Tag Archive | gratitude

These Are My Graces…

beautiful-cloud-heart

Yesterday, was my father’s birthday. He passed 4 years ago and so with the day brings a deep sense of melancholy, and yet… all I feel is JOY at the myriad of ways his spirit shines through me every moment of every day.

Today, I am in more physical pain then I have been in years. Meds have been changed, symptoms flared, and yet… all I feel is GRATITUDE that I am able to be with my closest family today; the ones who do not expect me to be anything other than me.

A couple days ago a dearest friend called in deep distress over the sudden loss of her closest mate, her dog. And my mind reeled with the age old question, “Do we close ourselves off to love to protect against the pain of loss?” And yet… all I feel is BLESSED at the way every being in my life has shaped me; has made me a better person. I have lost a lot… and yet I have also lived a life full of love.

Today, I turn on the news and once again bear witness to the tragedies of war and famine, death and disease, throughout the world, and yet… all I see is STRENGTH in the faces of my brethren, and the little acts of KINDNESS that are woven through the stories of strife.

THESE ARE MY GRACES…

The way I live my life… the way I view the world.

Threaded through my heart, coloring all that I see.

Influencing the way I treat others, and in turn, the deep compassion in which I am treated.

It is seeing a world full of ABUNDANCE instead of loss.

Grace, no longer reserved for just the Christian community… it is there, right there. Every Where. For every one of us.

Ripe for the picking.

Grace is not a thing you can earn, or deserve, or create, or even lose.

You do not have to be “redeemed” by grace; we are all gifts of grace.

It is always there. It is in the sparkle of newly fallen snow, blanketing the world in a clean, new slate.

It is in a child’s smile as they crack open from ear to ear at the mere sight of you.

It is in the gentle pressure of two hands as they encircle you in love, in support, in comfort.

It is the feeling in your heart when you give of yourself, passing the grace, to another.

It surprises us. When we are at the end of our ropes, Grace appears with an extension piece to help us get our feet placed firmly on the ground again.

It astounds us. A reminder that “no matter how tragic or bleak things get, the bad simply can’t shut out all the good, the dark can’t squeeze out all the light.”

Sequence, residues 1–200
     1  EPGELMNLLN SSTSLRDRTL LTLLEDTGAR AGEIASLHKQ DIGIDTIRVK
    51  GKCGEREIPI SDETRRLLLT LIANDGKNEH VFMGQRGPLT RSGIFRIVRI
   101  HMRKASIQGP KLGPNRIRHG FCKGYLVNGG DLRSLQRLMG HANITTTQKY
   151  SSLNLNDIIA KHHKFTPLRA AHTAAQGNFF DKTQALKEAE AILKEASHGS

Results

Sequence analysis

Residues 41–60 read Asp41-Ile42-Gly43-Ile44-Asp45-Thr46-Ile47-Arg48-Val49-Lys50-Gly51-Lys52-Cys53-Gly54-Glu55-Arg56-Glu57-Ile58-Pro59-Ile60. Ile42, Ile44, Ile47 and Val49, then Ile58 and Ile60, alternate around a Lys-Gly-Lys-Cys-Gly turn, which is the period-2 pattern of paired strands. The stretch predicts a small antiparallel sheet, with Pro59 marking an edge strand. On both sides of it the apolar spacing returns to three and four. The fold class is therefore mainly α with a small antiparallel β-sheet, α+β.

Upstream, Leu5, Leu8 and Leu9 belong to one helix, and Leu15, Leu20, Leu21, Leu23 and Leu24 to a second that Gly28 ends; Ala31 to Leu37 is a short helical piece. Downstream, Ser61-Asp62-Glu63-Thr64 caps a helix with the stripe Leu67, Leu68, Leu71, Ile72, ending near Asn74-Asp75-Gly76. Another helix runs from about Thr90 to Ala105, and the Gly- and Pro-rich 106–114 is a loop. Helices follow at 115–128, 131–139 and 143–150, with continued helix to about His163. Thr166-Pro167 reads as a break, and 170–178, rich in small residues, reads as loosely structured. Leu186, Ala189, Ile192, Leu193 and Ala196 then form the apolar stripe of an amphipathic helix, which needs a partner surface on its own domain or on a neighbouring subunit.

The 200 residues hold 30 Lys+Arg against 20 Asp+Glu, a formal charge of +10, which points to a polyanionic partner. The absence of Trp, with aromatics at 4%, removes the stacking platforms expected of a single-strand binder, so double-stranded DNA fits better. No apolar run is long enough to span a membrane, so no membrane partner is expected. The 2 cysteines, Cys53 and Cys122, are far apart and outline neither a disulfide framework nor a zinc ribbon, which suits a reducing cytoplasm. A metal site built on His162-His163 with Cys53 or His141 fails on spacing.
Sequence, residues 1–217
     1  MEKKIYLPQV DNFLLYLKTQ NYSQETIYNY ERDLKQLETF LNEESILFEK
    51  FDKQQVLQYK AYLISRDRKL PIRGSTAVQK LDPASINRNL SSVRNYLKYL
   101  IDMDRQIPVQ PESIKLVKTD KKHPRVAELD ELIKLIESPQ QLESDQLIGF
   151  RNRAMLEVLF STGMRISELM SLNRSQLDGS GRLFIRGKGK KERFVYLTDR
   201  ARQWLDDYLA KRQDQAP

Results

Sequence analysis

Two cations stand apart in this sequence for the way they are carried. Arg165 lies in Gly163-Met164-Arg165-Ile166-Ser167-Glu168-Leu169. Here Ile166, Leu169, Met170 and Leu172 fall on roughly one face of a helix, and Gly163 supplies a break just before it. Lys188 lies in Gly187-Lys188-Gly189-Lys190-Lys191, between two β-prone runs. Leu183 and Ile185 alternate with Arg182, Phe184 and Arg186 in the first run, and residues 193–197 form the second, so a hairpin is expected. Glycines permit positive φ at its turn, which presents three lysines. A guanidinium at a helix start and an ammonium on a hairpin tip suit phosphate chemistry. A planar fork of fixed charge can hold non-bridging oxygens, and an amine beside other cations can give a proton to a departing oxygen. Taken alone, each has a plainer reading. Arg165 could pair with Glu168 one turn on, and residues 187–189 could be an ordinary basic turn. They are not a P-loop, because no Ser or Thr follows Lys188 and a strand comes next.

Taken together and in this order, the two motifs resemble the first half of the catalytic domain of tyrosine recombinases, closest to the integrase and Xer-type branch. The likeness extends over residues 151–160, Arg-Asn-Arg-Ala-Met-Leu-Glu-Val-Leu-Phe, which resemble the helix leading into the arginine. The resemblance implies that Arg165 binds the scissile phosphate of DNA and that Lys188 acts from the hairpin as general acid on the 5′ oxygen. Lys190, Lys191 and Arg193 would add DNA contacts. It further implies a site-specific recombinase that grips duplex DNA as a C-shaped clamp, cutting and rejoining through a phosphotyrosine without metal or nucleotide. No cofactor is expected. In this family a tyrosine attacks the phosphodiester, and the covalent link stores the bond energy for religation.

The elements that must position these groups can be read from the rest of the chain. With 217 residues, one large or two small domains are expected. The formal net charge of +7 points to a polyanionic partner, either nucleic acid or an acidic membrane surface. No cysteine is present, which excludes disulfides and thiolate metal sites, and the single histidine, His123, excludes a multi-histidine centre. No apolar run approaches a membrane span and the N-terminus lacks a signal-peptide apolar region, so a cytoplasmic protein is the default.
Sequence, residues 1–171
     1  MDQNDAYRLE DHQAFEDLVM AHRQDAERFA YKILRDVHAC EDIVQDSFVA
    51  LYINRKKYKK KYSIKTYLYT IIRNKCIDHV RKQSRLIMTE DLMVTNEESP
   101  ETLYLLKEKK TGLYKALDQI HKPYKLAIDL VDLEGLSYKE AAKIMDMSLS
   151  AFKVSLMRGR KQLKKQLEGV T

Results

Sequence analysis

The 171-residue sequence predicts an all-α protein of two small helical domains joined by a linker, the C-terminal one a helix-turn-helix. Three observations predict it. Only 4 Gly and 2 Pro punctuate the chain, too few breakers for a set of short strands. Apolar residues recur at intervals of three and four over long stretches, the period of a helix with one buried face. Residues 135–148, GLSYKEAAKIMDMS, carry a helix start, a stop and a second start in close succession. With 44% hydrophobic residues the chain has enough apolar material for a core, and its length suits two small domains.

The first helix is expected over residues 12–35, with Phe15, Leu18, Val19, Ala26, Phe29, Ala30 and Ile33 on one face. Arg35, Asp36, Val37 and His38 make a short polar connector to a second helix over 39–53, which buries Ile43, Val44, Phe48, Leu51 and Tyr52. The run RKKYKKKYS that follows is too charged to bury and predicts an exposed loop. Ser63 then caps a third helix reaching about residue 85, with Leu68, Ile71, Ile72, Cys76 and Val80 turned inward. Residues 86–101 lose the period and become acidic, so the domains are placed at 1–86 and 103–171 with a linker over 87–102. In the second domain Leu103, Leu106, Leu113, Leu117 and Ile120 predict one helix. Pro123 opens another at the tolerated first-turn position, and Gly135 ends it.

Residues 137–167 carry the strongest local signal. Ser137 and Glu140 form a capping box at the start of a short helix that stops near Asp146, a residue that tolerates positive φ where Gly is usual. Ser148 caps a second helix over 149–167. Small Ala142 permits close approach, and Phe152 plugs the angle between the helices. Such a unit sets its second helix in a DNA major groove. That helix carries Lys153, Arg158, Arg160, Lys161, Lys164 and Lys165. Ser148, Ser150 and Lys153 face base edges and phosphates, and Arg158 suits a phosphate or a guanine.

It is our safety net: woven from the hands of loved ones, the history of passed ones, the memories of times survived, the hope that there will always be a brighter day ahead, and the knowledge that this too shall pass, and that in this moment, grace shimmers below the surface of everything.

And although GRACE is an unexpected, yet utterly amazing, gift waiting to be opened anew each day, you can still be an active participant in grace….

Pull grace into your life. Tonight at dinner, invite everyone to share their best “Grace Story.” This a great way to express gratitude for the ways grace has graced your life; and to role-model this attitude for others, especially children.

Be a witness to Grace’s magic. We’ve all heard of Bird Watchers, now it’s time to become a “Grace Watcher!” Keep a grace journal, where you document the ways grace has worked or appeared in your life each day. Review it at the end of the week and be uplifted.

Be a Giver of Grace. Look around today. Who in your life needs to be reminded that grace is still working in their lives; who needs to be uplifted by a moment of grace? Is there a way you can pass the grace this Thanksgiving, without that person ever knowing where it came from? Challenge yourself to this. It will be surprisingly rewarding: doing a random act of grace just because.

Turn yourself over to grace. Choose a day during the upcoming holiday season where you put your calculated “To-Do List” down for a day. Let grace guide your day instead. Trust that what needs to get done, will.

And most importantly, be open to grace. Center yourself each day with a short mantra. Mine is, “May my mind, eyes and heart be open today to seeing and receiving the gifts of grace that cross my path.” The challenge comes in accepting the gift of grace in whatever form it comes. No “return to sender.” Remember if at first I doesn’t seem like the right fit, try again. Grace often appears in unexpected ways and at unexpected times, and yet it is always just what you need in the moment to get by.

“The winds of grace are always blowing,

but you have to raise the sail.”

{Ramakrishna}

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The God I Have Vs. The God I Want

courage anf fear

I was recently challenged to write about “the god you do believe in and the god you would like to believe in.”* I read this as the god I have versus the god I want. Upon reflection, I quickly realized they are now one and the same.